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View Full Version : so i forgot to buy applecare (mbp early 2008)



insular
1st June 2009, 10:51 PM
somehow i got it in my head i had until june/july to buy it, and just recently checked with the online thingo and got the bad news.

checked my invoice and noticed i actually bought my mbp in early april.

what are my chances of sweet talking apple into letting me register if i buy?

heard its possible if you're a few days over, but 2 months?

already had a logic board replaced and used to get the nvidia chip problem, have problems on boot where i have to disconnect all peripherals for it to actually boot, and even then it takes ages to go from grey screen after the gong to apple logo (FS issue?)

pretty annoyed now as if i get any hardware issue im screwed as far as repairs go, i also believe NB did a shithouse job in replacing the logic board, CPU runs at 75deg even in winter! never ran that hot before logicb replacement.

Beau
1st June 2009, 10:56 PM
Unless you're extremely lucky, no, they won't let you register AppleCare. However, if your MacBook is one of the shoddy Nvidia GPU affected units, they've extended warranties for up to three years, so if that breaks, Apple should cover it.
AppleInsider | Apple extends old MacBook Pro graphics warranty to three years (http://www.appleinsider.com/articles/09/05/30/apple_extends_old_macbook_pro_graphics_warranty_to _three_years.html)

Sebastianmonty
2nd June 2009, 12:32 AM
Yes, I doubt they will activate an APP. EVERYONE MAKE SURE THEY HAVE THEIR APP ACTIVATED. I don't but I have until July for MacBook and October for iMac...or do I??

decryption
2nd June 2009, 06:19 AM
You snooze - you lose :(

arkenstone
2nd June 2009, 08:06 AM
Optional Extended warranties should be illegal. Disgusting practice, IMHO.

Geoff3DMN
2nd June 2009, 08:16 AM
Optional Extended warranties should be illegal. Disgusting practice, IMHO.

Many people only keep a laptop for a year and roll it over at the end of that period.

If a 3 year warranty was standard then the base cost of the laptop would be higher (to pay for that warranty cost) which means that people with quicker turnover would be subsidizing those who chose to keep their equipment longer.

The way it is at the moment people have a choice and if you choose to keep your equipment longer and you want a warranty you pay that cost (and not the people who no longer even have the equipment).

Laptops aren't a social service with universal obligation where everyone should 'get a fair go', they are (depending upon use) either a business tool or a teaching tool or a luxury (home users can use cheaper desktop machines if they have $ issues).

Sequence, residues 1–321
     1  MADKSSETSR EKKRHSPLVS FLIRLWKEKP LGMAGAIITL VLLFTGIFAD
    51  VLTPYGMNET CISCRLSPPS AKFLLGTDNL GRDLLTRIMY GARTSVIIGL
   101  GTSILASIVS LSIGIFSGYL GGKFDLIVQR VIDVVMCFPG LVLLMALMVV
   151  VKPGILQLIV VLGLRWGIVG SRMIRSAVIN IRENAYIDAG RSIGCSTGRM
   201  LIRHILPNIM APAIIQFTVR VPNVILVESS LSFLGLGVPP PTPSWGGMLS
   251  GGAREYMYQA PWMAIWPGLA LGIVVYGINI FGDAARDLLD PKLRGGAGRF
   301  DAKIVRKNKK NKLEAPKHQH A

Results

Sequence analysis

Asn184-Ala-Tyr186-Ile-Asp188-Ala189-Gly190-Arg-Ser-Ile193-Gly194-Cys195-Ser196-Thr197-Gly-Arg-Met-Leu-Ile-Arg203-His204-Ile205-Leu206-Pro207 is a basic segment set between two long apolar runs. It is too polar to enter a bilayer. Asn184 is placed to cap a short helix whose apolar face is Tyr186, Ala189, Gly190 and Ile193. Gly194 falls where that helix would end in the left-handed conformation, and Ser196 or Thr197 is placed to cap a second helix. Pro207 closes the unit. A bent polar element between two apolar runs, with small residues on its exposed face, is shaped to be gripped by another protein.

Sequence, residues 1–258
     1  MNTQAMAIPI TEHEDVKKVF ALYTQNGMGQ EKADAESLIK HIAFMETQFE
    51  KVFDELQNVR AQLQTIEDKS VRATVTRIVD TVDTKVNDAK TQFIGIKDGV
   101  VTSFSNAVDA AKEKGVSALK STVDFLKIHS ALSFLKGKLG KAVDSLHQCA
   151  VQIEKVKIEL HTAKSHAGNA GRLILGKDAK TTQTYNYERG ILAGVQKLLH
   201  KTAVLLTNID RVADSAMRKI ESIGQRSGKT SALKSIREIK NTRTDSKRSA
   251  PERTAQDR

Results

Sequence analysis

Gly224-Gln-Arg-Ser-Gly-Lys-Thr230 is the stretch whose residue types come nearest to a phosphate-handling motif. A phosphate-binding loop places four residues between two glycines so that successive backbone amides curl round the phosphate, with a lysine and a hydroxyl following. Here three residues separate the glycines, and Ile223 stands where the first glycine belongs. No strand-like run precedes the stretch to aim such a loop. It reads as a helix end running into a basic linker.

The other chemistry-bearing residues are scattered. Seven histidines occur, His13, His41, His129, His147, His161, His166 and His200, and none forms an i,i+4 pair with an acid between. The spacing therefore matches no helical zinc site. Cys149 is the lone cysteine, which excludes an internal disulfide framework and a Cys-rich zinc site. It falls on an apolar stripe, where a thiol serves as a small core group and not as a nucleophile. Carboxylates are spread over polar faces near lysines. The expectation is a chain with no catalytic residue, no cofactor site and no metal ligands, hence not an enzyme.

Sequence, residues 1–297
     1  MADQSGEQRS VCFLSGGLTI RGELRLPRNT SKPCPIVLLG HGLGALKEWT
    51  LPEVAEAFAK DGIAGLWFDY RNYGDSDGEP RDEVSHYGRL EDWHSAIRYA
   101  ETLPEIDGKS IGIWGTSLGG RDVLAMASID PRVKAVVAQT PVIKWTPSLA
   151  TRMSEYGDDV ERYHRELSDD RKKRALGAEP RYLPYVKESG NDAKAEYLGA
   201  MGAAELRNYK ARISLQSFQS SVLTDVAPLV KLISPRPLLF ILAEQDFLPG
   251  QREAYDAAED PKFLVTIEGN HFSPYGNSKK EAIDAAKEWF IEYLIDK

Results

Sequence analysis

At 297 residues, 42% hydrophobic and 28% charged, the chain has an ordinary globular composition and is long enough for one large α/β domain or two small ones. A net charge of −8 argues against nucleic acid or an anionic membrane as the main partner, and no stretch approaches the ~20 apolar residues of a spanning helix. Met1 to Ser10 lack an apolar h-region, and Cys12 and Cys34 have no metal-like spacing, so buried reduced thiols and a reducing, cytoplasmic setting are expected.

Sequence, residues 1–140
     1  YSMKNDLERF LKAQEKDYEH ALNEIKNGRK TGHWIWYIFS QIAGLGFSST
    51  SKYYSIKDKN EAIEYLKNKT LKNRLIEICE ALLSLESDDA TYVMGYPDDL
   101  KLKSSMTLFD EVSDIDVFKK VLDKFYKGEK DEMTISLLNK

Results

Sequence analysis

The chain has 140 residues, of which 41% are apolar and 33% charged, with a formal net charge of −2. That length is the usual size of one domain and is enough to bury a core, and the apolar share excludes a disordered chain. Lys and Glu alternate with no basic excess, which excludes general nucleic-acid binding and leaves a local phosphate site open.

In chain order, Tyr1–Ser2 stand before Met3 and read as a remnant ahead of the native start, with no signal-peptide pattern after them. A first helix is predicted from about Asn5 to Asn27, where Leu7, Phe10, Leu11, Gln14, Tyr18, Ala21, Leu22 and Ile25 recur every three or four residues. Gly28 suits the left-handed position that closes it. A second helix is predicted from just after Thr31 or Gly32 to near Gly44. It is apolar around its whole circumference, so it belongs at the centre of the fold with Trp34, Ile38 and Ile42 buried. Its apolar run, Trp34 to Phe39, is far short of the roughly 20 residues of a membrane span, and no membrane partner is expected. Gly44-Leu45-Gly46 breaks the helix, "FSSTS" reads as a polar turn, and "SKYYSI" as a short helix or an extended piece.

decryption
2nd June 2009, 08:39 AM
Optional Extended warranties should be illegal. Disgusting practice, IMHO.

I see no reason why people can't pay for an extra warranty if they want one?

Perhaps the de-facto 12 month warranty should be bumped to 3 years instead. Be prepared to pay more for your gear to cover this fact though.

arkenstone
2nd June 2009, 08:39 AM
I see your point, I just find it somewhat offensive that the faith a manufacturer puts in the robustness of their product is directly proportional to how much I pay.

decryption
2nd June 2009, 08:41 AM
I see your point, I just find it somewhat offensive that the faith a manufacturer puts in the robustness of their product is directly proportional to how much I pay.

Well - cheap crappy products = cheap to make which are cheap to sell. High quality, long lasting products cost more to make, which cost more to sell. Pay more = better product.

It's not always true, but for general manufacturing quality, if you go for the lowest bidder, chances are it will be of the lowest quality. Technological advances mean that manufacturing quality can increase while the price is low, but there will always be shortcuts or lower-grade materials that lower the price.

Goldilocks
2nd June 2009, 10:06 AM
I have an iPod classic 160Gb at the time I realised I was 10 days out of warranty (still within the month), no issues but wanted to extend the warranty - $89 but no sweet talk or reasoning would get Apple to budge. I thought just the fact of me parting with the hard earned dough to their hot hands would be just enough to sway them but alas NO!! :sad: BTW The iPod is still going sweet - fortunately. :cool:

The_Hawk
2nd June 2009, 10:40 AM
Statutory warranty is 12 months, although lots of things sell with a 2, 3, 5 or even 10 year warranty depending on what the manufacturer wants to offer.

There is no reason why Apple couldn't make the "standard" 2 or 3 years, but as has been said, it would add to the cost of the unit itself (unless they felt the need to be really nice to everyone).

arkenstone
2nd June 2009, 11:21 AM
Well - cheap crappy products = cheap to make which are cheap to sell. High quality, long lasting products cost more to make, which cost more to sell. Pay more = better product.